On some given nights a caravan of cars deposits its passengers in front of a handsome pre-war townhouse in a very good neighbourhood close to Orchard Road. There they enjoy the relaxed yet warm hospitality that has become the trademark of their hosts Wendy Long and her husband Martin Siah.
With her highly imaginative tablescapes, inventive menus with hidden references, and an eclectic guest list, society hostess Wendy Long has demonstrated her home entertaining prowess.
Of late, such gatherings have taken on a layer of intentionality. Rather than being another excuse to make merry, they are turning into platforms for doing good. Wendy’s friends, many of whom sit on the fundraising committees of various charities, have approached her to co-host fundraisers. She has obliged, of course, and, to date, opened her lovely home to select intimate gatherings, from high teas to trunk shows, that benefitted charitable causes.
“These initiatives pique my interest in fundraising and my love for entertaining—something which I have been doing for years at my homes,” Wendy says. “They allow me to pursue my passion with a meaningful angle – doing good while having fun. It’s the best of both worlds!”
The Ways to Entertain
Wendy’s current home, The Olive House, is one in a row that would have appeared identical to its neighbours had she not insisted on some vital yet subtle changes. At night, especially, her home is bright and welcoming, an olive tree under a dedicated lamppost, which gave it its name, its distinct landmark.
In the front courtyard, under a constellation of Michael Anastassiades lights, is a group of designer furniture – “I’m not one for wicker chairs,” Wendy intimated to me once. By the gate is a metal sculpture by the Dutch artist Helen Vergouwen, and nearby is a very old stone bench that is original to the house.
Working with her friend, the designer Terence Chan, with whom she completed the outfitting of her London townhouse as well as the interior design of her former apartment somewhere in Marina Bay, Wendy has created a home that is perfect for entertaining.
Most of her parties begin with cocktails at the loft, around the bespoke bar and a black billiards table. Dinner is served at the piece de resistance of a dining table for 16, marble-topped and surrounded by chairs from Christian Liaigre, Cassina, and Poltrona Frau. Guests can regroup for postprandial drinks in the mood-lit front living room or the aforementioned courtyard for fresh air.
Connecting for Causes
“I like the idea of connecting people, so an intimate dinner party at my place with guests from various backgrounds and interests, along with representatives of a charity organisation, is one that I like to host.”
Arts-related gatherings, either for the performing or visual arts, appeal to her. She also hopes to organise a health-, wellness-, beauty-related event with a panel of nutritionists, aesthetic doctors, and anti-ageing experts for an exchange of knowledge. And her home will be a perfect venue for them.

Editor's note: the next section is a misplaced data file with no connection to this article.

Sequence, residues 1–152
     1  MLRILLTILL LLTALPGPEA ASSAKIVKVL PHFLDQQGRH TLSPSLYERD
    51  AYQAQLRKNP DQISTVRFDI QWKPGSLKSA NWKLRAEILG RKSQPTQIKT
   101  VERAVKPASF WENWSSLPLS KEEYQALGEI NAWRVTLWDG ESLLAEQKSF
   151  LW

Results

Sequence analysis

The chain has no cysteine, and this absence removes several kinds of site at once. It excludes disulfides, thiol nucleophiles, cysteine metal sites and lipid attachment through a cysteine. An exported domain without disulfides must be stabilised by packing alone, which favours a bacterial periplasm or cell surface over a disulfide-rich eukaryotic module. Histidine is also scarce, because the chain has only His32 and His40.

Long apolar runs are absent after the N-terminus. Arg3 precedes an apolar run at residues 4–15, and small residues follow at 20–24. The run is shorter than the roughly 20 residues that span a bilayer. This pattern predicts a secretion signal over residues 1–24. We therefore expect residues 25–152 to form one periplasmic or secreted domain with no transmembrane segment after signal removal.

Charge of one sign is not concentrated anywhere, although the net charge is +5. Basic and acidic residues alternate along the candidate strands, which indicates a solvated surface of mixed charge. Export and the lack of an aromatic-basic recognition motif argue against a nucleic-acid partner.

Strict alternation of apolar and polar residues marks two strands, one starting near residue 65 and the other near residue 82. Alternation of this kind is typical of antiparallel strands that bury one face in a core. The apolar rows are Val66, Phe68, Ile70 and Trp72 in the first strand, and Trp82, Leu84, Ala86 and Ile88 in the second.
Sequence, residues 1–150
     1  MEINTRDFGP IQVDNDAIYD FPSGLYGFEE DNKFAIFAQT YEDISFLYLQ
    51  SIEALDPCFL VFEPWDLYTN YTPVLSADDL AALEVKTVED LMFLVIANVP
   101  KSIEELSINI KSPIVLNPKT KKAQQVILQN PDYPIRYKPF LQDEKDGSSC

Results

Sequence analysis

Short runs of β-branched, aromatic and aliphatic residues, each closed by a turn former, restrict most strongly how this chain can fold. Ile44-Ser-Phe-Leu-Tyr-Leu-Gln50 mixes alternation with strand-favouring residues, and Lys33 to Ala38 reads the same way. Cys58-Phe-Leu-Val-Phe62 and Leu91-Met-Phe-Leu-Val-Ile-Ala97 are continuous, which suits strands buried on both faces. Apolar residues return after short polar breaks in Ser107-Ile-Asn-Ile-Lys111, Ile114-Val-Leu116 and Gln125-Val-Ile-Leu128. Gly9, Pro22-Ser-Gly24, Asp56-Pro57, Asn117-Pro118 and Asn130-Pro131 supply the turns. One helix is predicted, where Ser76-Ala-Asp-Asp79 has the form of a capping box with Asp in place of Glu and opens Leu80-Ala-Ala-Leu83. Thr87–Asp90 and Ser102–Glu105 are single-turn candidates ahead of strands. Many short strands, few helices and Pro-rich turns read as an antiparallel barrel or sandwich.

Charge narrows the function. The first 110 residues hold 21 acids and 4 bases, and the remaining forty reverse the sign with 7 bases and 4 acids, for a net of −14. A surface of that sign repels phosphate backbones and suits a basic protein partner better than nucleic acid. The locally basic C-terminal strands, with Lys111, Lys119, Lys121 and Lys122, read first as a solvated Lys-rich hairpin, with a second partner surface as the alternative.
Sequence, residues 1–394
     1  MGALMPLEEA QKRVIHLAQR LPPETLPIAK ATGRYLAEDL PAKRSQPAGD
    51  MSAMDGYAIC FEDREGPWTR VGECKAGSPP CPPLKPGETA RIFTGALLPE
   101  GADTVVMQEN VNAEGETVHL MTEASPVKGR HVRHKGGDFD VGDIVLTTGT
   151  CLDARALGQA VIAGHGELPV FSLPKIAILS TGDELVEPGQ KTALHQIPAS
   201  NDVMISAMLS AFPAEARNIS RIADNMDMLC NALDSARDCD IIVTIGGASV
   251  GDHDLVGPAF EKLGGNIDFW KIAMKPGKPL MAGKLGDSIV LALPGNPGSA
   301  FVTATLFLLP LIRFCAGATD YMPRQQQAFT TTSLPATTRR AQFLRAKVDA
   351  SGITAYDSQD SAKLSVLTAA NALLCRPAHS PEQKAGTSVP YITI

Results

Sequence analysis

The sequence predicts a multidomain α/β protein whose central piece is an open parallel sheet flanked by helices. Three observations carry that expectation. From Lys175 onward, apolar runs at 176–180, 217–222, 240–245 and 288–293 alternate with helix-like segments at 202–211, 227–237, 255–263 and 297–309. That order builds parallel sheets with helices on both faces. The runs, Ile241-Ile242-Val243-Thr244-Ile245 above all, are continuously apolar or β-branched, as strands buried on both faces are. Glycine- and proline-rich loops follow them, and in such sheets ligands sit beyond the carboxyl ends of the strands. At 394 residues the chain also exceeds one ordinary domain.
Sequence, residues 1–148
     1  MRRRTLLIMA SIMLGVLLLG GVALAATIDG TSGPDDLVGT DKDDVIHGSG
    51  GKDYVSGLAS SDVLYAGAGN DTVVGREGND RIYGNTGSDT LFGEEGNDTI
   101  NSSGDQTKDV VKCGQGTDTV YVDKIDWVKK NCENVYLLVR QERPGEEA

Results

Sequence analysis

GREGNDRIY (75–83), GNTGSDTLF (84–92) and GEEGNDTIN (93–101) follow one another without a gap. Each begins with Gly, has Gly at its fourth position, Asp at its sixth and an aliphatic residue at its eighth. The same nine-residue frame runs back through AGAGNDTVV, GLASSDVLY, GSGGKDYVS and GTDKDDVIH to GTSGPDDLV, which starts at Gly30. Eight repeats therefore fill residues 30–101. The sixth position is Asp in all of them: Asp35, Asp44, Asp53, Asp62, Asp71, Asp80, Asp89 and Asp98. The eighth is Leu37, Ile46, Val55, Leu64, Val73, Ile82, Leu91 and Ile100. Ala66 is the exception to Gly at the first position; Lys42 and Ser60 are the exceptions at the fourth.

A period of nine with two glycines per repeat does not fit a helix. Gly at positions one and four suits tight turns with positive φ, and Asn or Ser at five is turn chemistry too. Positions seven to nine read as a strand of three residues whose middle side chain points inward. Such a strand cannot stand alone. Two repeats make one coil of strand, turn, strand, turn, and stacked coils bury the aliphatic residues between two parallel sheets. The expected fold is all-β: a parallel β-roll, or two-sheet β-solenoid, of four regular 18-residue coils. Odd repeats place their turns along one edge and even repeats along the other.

“I will not limit the type of events, but rather challenge myself to think out of the box in merging party-planning, home-entertaining, and raising awareness on behalf of meaningful causes.”
Wendy prefers supporting charities that “fly under the radar and will benefit most from extra funds and deeper awareness”. “I believe that we should extend our help to support their causes and works. For instance, she raises funds for Babes, a non-profit that journeys with pregnant teenagers with emotional support and resources to help them make responsible decisions during their pregnancy.
Together with her husband, she recently set up the Martin and Wendy Siah Bursary for the students of Downing College at the University of Cambridge, Martin’s alma mater, to provide financial assistance to students for their schooling and living needs.
Martin, who attended Downing on a scholarship, believes in doing his part to help students who are in the same situation that he was. “We deeply believe in meritocracy,” Wendy says, “and that if anyone has what it takes to succeed, they should not be denied an equal chance because of where they came from. We hope that our contribution can help level the playing field.”
From the Heart
Wendy pays close attention to details, from taking note of dietary restrictions to remembering what repeat guests like, and changing the menu every so often to ensure it feels fresh. “It’s not about serving the most expensive wine and food, but the generosity and sincerity – making the effort and showing appreciation for your guests’ time.”
She carefully curates the menu, playlist, floral design and table setting, poring over tiny details where she can inject nuances and clever references. For a dinner she hosted for the architect Ernesto Bedmar, who designed the main structure of the house for its previous owner, Wendy served Argentinian beef with an Asian inspired sauce—a nod to the architect’s Argentinian roots. For her New Year’s Eve party, to which most of the guests were regular Gunthers and Les Amis patrons, she put Gunther’s baguette and an assortment of her favourite bread and butter on the menu as an homage to their favourite restaurants.
“Ultimately, the art of hosting is about genuinely wanting your guests to have a great time,” Wendy explains, “and when you do it from your heart, your guests will feel your sincerity.”
Art Direction by Leyna Poh; Photography by Zulfadli Rahman, assisted by Tracey Nguyen; Hair and Makeup by Shah Shamsi